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"The phrase Pidgin Sign English (PSE, sometimes "Pidgin Signed English") is often used to describe the different contact languages that arise between the English language and either British Sign Language, New Zealand Sign Language, Auslan or American Sign Language, but the term is increasingly falling out of favor."
Is there some way that the statement that this term is falling out of favor can be backed up? I don't know much about this topic at all but I've run across this term several times on the web (Here, for instance: http://www.bisworld.com/services/interpreting.htm ) --babbage 18:41, 5 March 2007 (UTC)
Back when this article was created, I found some weblinks on the issue.
Contact Sign: ... is sometimes referred to as Pidgin Sign English (PSE); however, many linguists today do not consider it a true pidgin because its grammar and lexicon are more complex than those of most (spoken language) pidgins (see pidgin).
Contact Sign: formerly known as Pidgin Sign English (PSE) is a term that refers to a contact language or blended form of English and ASL. Often used when d/Deaf people and hearing people attempt to communicate.
"ASL University", an "online ASL University is an online curriculum resource for American Sign Language students" etc. :
Contact Signing: Also known as: Pidgin Signed English (PSE)
Note: ASL linguistics tend to use the term "Contact Signing" rather than PSE. The reason for this is that "contact signing" doesn't quite seem to fit the commonly held definition (or conventions) of a typical "pidgin" language as used by linguists. You will still see the term PSE used from time to time. But I suggest you use the newer term "contact signing."
However, none of these sites really fit the wikipedia criteria for notability, and you are right that the term PSE is still widely used. I'll see if I can find a ref and maybe change the wording in the article. ntennis 23:42, 7 March 2007 (UTC)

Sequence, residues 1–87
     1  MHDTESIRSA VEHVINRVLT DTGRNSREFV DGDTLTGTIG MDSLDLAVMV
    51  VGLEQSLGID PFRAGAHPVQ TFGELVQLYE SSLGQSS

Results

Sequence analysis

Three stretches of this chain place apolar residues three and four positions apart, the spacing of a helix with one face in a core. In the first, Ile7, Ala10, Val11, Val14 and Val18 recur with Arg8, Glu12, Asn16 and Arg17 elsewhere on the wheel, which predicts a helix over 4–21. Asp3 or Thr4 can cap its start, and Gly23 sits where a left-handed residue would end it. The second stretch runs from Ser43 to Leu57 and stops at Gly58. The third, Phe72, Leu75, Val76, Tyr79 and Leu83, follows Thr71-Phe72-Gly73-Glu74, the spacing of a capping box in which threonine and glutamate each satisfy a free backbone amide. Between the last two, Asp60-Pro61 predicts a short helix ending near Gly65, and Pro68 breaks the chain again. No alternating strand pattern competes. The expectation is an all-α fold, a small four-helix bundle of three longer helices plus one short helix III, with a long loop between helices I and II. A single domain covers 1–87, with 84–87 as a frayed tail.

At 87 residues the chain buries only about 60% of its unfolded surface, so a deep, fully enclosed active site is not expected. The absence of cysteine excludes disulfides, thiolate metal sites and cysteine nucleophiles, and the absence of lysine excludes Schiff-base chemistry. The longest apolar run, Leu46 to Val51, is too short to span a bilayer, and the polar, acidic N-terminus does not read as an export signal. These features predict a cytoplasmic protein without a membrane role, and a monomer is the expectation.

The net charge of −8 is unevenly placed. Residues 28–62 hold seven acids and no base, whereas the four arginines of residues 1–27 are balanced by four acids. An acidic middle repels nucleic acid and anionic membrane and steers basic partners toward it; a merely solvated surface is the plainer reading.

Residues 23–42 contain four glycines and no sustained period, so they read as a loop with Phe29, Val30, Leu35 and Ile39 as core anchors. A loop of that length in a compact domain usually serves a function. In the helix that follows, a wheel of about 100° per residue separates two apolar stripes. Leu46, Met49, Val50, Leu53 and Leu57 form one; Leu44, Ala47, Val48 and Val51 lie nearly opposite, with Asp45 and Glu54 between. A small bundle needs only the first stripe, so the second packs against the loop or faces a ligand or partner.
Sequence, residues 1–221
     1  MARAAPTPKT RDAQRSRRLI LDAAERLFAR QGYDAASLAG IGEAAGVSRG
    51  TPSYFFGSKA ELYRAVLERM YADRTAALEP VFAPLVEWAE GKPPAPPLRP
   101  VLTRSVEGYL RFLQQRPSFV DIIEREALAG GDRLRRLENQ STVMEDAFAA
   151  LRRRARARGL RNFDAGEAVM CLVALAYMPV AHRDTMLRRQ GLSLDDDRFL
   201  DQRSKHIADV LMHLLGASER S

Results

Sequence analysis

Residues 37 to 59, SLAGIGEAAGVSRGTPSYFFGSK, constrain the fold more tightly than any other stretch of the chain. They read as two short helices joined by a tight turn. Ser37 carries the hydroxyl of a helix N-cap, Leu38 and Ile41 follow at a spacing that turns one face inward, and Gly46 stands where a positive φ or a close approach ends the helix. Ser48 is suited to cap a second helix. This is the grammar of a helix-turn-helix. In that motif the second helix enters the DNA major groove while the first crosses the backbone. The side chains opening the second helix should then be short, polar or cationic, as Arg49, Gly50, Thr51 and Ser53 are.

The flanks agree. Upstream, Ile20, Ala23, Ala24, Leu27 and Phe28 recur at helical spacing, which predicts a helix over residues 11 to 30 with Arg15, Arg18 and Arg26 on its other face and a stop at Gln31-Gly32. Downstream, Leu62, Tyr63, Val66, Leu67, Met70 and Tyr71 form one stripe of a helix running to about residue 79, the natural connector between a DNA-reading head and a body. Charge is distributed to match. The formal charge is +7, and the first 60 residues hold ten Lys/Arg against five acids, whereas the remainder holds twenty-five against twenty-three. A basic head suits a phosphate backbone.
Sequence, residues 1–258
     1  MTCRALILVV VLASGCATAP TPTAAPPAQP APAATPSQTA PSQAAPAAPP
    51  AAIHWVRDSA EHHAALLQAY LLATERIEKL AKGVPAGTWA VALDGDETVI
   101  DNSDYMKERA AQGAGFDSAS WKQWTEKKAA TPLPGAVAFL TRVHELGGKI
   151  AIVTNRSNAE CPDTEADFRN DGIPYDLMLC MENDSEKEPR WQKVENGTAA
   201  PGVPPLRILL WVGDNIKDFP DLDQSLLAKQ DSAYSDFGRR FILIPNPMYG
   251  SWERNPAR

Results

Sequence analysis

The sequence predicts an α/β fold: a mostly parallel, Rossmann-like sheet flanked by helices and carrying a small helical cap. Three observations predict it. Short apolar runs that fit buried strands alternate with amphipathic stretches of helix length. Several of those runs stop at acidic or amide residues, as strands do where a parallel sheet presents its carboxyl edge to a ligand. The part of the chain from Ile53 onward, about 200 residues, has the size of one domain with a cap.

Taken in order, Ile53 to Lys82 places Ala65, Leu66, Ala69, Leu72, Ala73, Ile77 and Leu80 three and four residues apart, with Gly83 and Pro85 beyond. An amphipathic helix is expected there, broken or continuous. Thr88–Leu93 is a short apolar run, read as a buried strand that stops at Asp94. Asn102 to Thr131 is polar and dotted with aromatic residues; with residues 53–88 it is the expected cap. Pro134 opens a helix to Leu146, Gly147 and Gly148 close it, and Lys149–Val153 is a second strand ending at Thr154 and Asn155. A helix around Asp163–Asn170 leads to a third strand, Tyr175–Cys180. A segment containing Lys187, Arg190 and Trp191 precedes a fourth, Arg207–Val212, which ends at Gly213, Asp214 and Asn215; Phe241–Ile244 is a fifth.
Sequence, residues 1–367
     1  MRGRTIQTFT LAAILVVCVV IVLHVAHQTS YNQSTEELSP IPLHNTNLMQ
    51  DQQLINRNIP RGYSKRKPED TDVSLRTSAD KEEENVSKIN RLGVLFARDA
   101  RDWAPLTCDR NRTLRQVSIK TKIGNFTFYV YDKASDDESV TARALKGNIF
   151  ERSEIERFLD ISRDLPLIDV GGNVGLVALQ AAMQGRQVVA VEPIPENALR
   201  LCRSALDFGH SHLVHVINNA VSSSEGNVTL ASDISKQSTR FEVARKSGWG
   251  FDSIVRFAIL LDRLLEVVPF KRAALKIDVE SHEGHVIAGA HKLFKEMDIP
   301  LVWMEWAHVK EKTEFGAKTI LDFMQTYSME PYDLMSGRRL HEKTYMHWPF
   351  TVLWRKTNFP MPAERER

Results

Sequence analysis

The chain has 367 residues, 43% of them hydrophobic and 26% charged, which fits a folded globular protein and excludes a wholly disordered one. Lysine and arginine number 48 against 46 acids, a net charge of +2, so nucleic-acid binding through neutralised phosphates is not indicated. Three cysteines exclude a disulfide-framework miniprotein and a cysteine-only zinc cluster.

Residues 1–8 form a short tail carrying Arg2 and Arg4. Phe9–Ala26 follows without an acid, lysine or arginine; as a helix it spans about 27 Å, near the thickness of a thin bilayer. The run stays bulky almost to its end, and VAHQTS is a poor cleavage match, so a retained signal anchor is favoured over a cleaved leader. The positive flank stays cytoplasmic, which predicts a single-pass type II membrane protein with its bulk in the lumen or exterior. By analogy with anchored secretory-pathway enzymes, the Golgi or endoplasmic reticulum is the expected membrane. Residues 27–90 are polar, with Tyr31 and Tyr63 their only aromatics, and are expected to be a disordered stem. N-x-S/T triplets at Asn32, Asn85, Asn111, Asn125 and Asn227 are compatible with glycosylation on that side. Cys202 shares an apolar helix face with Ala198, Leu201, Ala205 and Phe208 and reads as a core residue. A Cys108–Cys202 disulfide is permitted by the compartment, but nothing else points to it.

Hmmm. I found one marginally better from a quick look at google scholar, the book is The Signing Family: What Every Parent Should Know about Sign Communication, by David Stewart, Barbara Luetke-Stahlman. 1998. Gallaudet University Press. ISBN1563680696. It's not very academic, but it says much the same as those above:
"Contact signing combines ASL signs and some ASL linguistic features with English word order. It was formerly referred to as Pidgin Sign English or PSE." (page 3).
Lemme add fuel to the fire, here. The article cites a source from 1973 which says that Pidgin Signed English, the term, is falling out of use. I wasn't even born in 1973, but I have never heard anyone use the term Contact Sign before finding this article. I have exclusively heard Pidgin Signed English. At 34, and Deaf all of my life, I think that if Pidgin Signed English was falling out of us in 1973 that I wouldn't continue to hear the term. At the very least that source needs to be changed and the statement altered to reflect reality. Further, the sites you're referencing aren't really for or by the Deaf. Regardless of what some linguists may think of the terms, Pidgin Signed English is used by the Deaf community as far as I have ever come across, and it's rather insulting that someone wants to just run rough shod over their usage. GeoffericT•C✡ 15:44, 25 January 2011 (UTC)
I want to add that this page has next to zero information about PSE, regardless of how one defines it. Considering the wealth of information out there (covering the various forms, regional uses, etc), PSE should have its own page and should not have been merged here, IMO. I am putting it on my TODO list to recreate the page and flesh it out. GeoffericT•C✡ 15:50, 25 January 2011 (UTC)